Updated: Jan 27, 2018
Richard Feynman is one of the most famous physicists along with Albert Einstein and Isaac Newton. Richard worked on the Manhattan project which was crucial to developing the atom bomb during World War II, and he has also written numerous books on physics. He has a skilled style of writing that allows him to break down a complex subject like physics and teach it in a simple manner.
I just finished reading Six Easy Pieces: Essentials of Physics Explained by Its Most Brilliant Teacher which summarizes some of the broad topics in physics like quantum mechanics, relativity, atoms, Kepler's laws, and many others. This book didn't go too much into detail and it didn't have too many complex equations which was exactly what I was looking for. I wrote down what I underlined in the book below to give you a sense of some of the interesting ideas I came across.
Pg XV Conservation of energy – you can move energy around and change its form but you can’t create or destroy it.
Pg 2 The principle of science, the definition, almost is the following: the test of all knowledge is experiment. Experiment is the sole judge of scientific truth.
Pg 3 Mass increases with velocity but noticeable increases require velocities near that of light.
Pg 4 Everything is made of atoms.
Pg 11 Air consists almost entirely of N, O, some water vapor and lessor amounts of carbon dioxide, argon and other things.
Pg 13 An ion is an atom which either has a few extra electrons or has lost a few electrons.
Pg 20 Everything is made of atoms. That is the key hypothesis. The most important hypothesis in all of biology, for example, is that everything that animals do, atoms do. In others words, there are nothing that living things do that cannot be understood from the point of view that they are made of atoms acting according to the laws of physics. This was not known from the beginning: it took some experimenting and theorizing to suggest this hypothesis, but now it is accepted, and it is the most useful theory for producing new ideas in the field of biology.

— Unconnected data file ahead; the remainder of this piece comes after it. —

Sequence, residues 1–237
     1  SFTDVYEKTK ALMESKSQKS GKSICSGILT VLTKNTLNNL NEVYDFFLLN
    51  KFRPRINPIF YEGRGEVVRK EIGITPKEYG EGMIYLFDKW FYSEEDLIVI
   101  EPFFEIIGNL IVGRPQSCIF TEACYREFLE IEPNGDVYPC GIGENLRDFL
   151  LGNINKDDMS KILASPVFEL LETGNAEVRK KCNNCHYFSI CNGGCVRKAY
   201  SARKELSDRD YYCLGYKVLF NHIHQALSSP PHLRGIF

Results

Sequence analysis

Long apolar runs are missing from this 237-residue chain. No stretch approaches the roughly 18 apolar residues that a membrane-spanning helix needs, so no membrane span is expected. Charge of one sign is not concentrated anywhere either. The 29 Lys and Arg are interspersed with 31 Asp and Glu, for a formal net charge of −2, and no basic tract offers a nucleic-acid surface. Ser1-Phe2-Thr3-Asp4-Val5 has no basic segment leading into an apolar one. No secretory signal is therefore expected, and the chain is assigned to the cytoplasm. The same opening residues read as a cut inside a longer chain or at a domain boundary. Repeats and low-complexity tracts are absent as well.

Pg 24 That is the way it is in physics. For a long time we will have a rule that works excellently in an overall way, even when we cannot follow the details, and then sometime we may discover a new rule.
Pg 27 Before 1920, our world picture was something like this: The “stage” on which the universe goes is the three-dimensional space of geometry, as described by Euclid, and things change in a medium called time. The elements on the stage are particles, for example the atoms, which have some properties. First, the property of inertia: if a particle is moving it keeps on going in the same direction unless forces act upon it.
The second element, then, is forces, which were then thought to be of two varieties: First, an enormously complicated, detailed kind of interaction force which held the various atoms in different combinations in a complicated way, which determined whether salt, would dissolve faster or slower when we raise the temperature. The other force that was known was a long-range interaction – a smooth and quiet attraction – which varied inversely as the square of the distance, and was called gravitation.
Pg 30 Atom number eight is called oxygen, etc., because the chemical properties depend upon the electrons on the outside, and in fact only upon how many electrons there are. So the chemical properties of a substance depend only on a number, the number of electrons.